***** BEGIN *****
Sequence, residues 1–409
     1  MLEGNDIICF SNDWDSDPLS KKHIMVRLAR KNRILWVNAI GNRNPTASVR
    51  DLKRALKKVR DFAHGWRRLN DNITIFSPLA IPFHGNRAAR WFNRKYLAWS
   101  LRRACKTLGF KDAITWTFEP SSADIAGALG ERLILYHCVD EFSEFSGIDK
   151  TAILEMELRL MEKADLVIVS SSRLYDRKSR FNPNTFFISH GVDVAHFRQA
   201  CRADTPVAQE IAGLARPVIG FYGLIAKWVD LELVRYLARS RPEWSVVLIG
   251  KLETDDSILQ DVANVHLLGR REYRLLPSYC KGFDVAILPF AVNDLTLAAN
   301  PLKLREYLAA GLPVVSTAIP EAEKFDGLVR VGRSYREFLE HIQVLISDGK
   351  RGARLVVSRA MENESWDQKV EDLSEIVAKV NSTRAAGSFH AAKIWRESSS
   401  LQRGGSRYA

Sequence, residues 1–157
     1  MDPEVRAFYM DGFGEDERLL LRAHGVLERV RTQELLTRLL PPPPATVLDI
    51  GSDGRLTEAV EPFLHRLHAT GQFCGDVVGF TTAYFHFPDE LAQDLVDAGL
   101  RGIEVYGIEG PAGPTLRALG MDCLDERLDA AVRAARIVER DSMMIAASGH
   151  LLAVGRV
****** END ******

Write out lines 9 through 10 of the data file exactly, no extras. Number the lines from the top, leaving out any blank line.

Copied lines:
   351  RGARLVVSRA MENESWDQKV EDLSEIVAKV NSTRAAGSFH AAKIWRESSS
   401  LQRGGSRYA